Title: The Blade Itself (The First Law Trilogy #1)
Author: Joe Abercrombie
Published: 2006
Publisher: Gollancz
Audiobook Narrator: Steven Pacey

I don’t often find myself reaching for an adult fantasy novel, but this dark fantasy trilogy has gotten so much love on Booktube that I had to pick it up during an Audible sale earlier this year. I’ve been wanting to dive into something a little chunkier – a bit longer – than the other things I’d been reading this month, and Joe Abercrombie’s The Blade Itself definitely fit that bill. This happened to be over 500 pages, which meant it qualified for Booktube’s Tome Topple reading marathon. If you’re unfamiliar, Tome Topple is a very casual readathon where you read “tomes”, which are any books over 500 pages in length. This year, it ran from November 9th through November 22nd, which means I technically failed. To be fair, though, I wasn’t really planning to join in, and only started this past week, so I am still counting it as a win. The real question, though, is if this tome is worth the time, and the answer is a definite yes.

The Blade Itself is one of the most epic stories I’ve read, so bare with me as I try to simplify what I just read. The first book of the First Law trilogy follows a handful of different main characters. We have my favorite, Inquisitor Glokta, who was a torturee-turned-torturer with an absolutely fascinating backstory that really gripped me. He is set on a path that will lead him closer to the dark side of the government than anyone would want to be. Then there is Logen Ninefingers, an infamous killer whose stories of violence precede him wherever he goes (and he literally only has nine fingers). He finds himself wrapped up with, of all people, a wizard named Bayaz. Logen decides to follow Bayaz wherever he is going without asking questions, and it could very well be the death of the infamous warrior. Finally, there is Jezal dan Luthar, who is training for the most important fencing competition in the country. Jezal is young, absolutely full of himself, and happens to be falling for his best friend’s sister, which is only the start of his problems.

The main thread of the story is really an approaching war, but that plays second fiddle to the characters, at least in this opening novel. The four I listed above are obviously not the only major players here, but they were the ones that stood out the most to me, and whose stories I want to follow into the rest of the series. Glokta was such a spiteful bastard with wonderful inner dialogue that I couldn’t help but fall in love with him as the story progressed. Ninefingers is touted as a badass, and that reputation was talked about so much that you wouldn’t think he could possibly live up to it, until he finally does, and the bloodshed is absolutely glorious. He and Bayaz eventually come into the company with the only female fighter in the story, Ferro Maljinn. She is an escaped slave that had a terrible life, and is now dead-set on revenge. The relationship between these characters is shallow, but interesting as hell.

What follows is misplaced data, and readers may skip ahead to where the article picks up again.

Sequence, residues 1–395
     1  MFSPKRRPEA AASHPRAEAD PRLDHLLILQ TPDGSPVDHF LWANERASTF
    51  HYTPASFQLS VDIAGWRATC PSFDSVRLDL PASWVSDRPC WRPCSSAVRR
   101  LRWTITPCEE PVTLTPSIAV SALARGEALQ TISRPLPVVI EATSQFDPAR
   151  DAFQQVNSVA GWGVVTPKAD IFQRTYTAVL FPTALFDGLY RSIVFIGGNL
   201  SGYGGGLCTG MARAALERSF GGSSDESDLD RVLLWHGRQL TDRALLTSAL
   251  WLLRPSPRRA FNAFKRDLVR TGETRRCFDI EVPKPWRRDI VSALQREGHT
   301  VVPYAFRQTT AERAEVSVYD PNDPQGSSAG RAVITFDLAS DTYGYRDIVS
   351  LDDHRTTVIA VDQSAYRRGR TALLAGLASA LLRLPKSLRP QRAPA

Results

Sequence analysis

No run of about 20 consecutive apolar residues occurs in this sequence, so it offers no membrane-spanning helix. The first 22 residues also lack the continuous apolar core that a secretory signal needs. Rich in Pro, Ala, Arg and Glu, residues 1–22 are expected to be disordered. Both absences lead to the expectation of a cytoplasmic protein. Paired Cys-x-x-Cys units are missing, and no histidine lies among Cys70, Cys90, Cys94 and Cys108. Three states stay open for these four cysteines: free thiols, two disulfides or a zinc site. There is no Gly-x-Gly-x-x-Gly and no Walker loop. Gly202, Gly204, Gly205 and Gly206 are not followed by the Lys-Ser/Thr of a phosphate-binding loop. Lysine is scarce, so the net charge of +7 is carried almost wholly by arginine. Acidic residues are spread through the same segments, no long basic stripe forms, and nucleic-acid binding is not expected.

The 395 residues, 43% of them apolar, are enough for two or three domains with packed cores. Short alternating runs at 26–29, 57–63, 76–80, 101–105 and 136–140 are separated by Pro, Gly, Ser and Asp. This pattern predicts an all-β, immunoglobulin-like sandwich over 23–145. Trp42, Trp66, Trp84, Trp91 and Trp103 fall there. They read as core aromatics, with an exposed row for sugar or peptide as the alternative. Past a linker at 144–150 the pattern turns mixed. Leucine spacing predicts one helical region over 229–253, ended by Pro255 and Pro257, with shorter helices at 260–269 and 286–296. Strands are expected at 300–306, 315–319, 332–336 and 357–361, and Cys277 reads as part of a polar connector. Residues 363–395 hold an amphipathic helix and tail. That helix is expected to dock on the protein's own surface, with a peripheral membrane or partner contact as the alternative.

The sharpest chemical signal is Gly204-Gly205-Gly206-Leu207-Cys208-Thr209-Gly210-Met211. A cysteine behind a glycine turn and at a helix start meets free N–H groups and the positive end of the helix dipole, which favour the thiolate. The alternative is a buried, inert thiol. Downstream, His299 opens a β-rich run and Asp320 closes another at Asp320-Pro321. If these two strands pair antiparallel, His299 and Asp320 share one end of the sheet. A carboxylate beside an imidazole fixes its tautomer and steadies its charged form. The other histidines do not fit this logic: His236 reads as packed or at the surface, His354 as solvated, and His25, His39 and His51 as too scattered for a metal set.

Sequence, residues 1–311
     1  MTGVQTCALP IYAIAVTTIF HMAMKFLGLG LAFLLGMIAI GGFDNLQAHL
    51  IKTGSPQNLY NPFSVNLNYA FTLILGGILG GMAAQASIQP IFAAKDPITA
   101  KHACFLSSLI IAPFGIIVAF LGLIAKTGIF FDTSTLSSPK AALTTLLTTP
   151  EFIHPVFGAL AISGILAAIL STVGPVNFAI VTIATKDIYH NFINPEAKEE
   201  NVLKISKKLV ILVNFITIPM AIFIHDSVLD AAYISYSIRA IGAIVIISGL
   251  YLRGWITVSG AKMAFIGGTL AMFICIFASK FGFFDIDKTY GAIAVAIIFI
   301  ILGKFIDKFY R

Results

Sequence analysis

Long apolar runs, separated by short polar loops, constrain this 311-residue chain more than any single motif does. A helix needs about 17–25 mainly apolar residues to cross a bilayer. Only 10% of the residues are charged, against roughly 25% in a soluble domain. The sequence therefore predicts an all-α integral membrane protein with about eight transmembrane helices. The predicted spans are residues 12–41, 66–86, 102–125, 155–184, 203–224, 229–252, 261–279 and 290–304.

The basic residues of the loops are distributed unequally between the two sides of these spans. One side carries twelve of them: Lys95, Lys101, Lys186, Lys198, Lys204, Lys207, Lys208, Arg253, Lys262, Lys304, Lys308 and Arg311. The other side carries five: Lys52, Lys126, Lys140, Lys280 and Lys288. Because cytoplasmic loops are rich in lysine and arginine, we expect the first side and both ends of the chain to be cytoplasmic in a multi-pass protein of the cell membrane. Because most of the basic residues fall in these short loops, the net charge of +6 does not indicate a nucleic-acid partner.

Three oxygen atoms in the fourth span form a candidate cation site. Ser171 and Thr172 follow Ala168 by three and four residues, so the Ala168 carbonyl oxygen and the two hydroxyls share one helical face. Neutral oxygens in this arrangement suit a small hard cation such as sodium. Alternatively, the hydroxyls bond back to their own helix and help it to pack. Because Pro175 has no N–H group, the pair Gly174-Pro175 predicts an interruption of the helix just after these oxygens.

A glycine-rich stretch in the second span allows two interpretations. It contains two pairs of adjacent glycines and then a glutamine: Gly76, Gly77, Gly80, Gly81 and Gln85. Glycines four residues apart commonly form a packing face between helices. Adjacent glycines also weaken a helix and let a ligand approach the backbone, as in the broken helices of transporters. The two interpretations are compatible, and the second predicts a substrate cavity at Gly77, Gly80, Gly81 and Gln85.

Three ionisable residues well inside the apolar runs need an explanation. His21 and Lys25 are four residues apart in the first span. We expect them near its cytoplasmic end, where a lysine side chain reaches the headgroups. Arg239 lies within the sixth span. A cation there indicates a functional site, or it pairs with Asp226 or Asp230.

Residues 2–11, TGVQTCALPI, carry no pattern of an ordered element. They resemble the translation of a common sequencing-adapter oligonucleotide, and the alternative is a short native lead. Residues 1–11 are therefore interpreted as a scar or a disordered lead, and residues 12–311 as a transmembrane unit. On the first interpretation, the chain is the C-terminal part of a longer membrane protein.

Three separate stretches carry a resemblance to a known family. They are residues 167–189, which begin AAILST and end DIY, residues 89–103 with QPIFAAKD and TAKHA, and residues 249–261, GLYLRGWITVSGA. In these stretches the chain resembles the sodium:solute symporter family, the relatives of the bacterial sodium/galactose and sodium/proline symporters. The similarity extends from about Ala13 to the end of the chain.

Other relationships in The Blade Itself are far from shallow, however, and are what really kept the story moving forward at a quick pace. Jezal’s best friend is Collem West, and his sister is Ardee. The relationship between the three of these characters is fantastic, complicated, and explosive. It always makes for interesting chapters when any of them are involved. And any time Glokta is in the room with someone else, there is always something crazy about to happen, which I loved.

Joe Abercrombie’s writing is simply fantastic. He has a poetry to his writing style that manages to give the words more weight rather than making them lighter, and that juxtaposition was fascinating to me. His writing being read aloud by Steven Pacey is even better. Pacey’s work in The Blade Itself was nothing short of brilliant. He made this 22-hour audiobook fly by. Each character – and there are a lot – was unique, and easy to pick out before the name was even said. He managed memorable voices for everyone, and never went cartoony, keeping everything rooted in reality, which is essential for a tale such as this. If you are considering this series, I highly recommend the audiobook as Pacey’s work stands up there right next to Stephen Weber’s performance of Stephen King’s IT as one of the best I’ve ever heard.

Because there are so many different characters and elements to this story, there is liable to be one or two that don’t click for you, and that happened with me. There were times when certain characters were presented that I found my mind drifting more than I would have liked. Logen’s band of brutes were the most notable characters that didn’t click for me throughout The Blade Itself. It’s not that they were poorly written or uninteresting, I just cared about them less, which had me “checking out” a bit during their chapters. I’m sure this group of characters will work for others, but they were the weak point in the book for me.

The Blade Itself is definitely the start of something rather than a complete story, and that might turn people off. Hell, it would usually turn me off, but Abercrombie’s writing is so good that I have no problem with this one being mostly setup. He does so well with building these characters that I cannot wait to see what he does with the next two. The Blade Itself feels like the start of something great, and if you enjoy a character-heavy dark, bloody fantasy, this should be on your radar.